World History 2 29 - 3 Early Modern Africa and the Wider World

This is a photograph of a four-story castle. The roof is made of orange tiles, the walls are white, and grass is shown in front of the castle. There are two tall antennae coming out of the right side of the castle. A watch tower is located in the front and many small windows are located throughout the castle at the top of the walls. There is a city in the background and skies with clouds are shown above.
Figure 3.1 The castle of St. George of the Mine overlooks the coast of Ghana. Built in the fifteenth century, it guarded Portugal’s trading post at El Mina. From here, the Portuguese traded for enslaved people brought from the interior of the African continent. (credit: modification of work “St Jago fort in Elmina Ghana” by Edward Kamau/Wikimedia Commons, CC BY 3.0)

The Portuguese built the castle of St. George of the Mine (later called Elmina) in the fifteenth century, which many historians characterize as the beginning of the early modern period (Figure 3.1). Located on the coast of present-day Ghana, the fortress gave the Portuguese a foothold in the West African gold trade, which was by then largely in the hands of the kingdom of Songhai (Songhay). The economic health and longevity of the Songhai Empire depended on the secure and smooth operation of the trans-Saharan trade in goods across North Africa. Gold was then unquestionably the most prized of all West African commodities, and in time, the trade in human cargo became equally important. With an eye toward their profit margins, the Portuguese traders at Elmina combined the flows of trade in these two highly valued commodities, becoming intermediaries who provided enslaved people from Benin to the Akan mines in modern-day Ghana and Côte d’Ivoire. By the sixteenth century, Elmina had become one of the earliest direct links between European slavers and the slave markets of the African interior.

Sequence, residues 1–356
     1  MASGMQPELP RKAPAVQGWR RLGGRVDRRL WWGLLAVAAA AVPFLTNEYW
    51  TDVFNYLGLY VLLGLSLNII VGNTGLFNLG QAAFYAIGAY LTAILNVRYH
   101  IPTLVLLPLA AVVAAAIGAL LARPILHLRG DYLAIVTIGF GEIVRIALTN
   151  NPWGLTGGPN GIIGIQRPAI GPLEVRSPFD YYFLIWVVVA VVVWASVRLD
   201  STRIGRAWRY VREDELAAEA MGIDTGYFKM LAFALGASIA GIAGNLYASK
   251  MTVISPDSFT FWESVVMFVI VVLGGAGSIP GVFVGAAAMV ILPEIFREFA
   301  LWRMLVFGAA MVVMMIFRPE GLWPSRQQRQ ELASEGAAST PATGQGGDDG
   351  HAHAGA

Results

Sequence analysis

600s: East African settlements begin trading in the Indian Ocean. 700s: Islam begins spreading to West Africa. 800 to 1400: Camel caravans peak: a map of caravan routes in Northern Africa is shown. 1000s: Za  adopts Islam. 1200s: Grand Mosque built at Djenne: a photograph of the mosque is shown. 1235: Sundiata Keita founds Mali. 1337: Mansa Musa dies. 1444: Portugal begins slave raids in West Africa. 1482, Portugal builds St. George of the Mine (Elmina) Castle in Ghana: a photograph of the castle is shown. 1500s: Kanem warriors raid Sudan to sell prisoners into slavery: a picture of a man on a horse surrounded by warriors with shields and long thin sticks is shown.
Figure 3.2 (credit “800–1400”: modification of work “Map showing the main trans-Saharan caravan routes circa 1400” by T L Miles/Wikimedia Commons, Public Domain; credit “1200s”: modification of work “Great Mosque of Djenné” by JM/Flickr, CC BY 2.0; credit “1482”: modification of work “St Jago fort in Elmina Ghana” by Edward Kamau/Wikimedia Commons, CC BY 3.0; credit “1500s”: modification of work “Group of Kanem-Bu warriors” by New York Public Library Digital Gallery/Wikimedia Commons, Public Domain)
A map of the world is shown. The northern portion of Africa down to the equator is highlighted. The Swahili Coast on the east coast of Africa is also highlighted. The equator is shown.
Figure 3.3 (credit: modification of work “World map blank shorelines” by Maciej Jaros/Wikimedia Commons, Public Domain)
This lesson has no exercises.

The content of this course has been taken from the free World History, Volume 2: from 1400 textbook by Openstax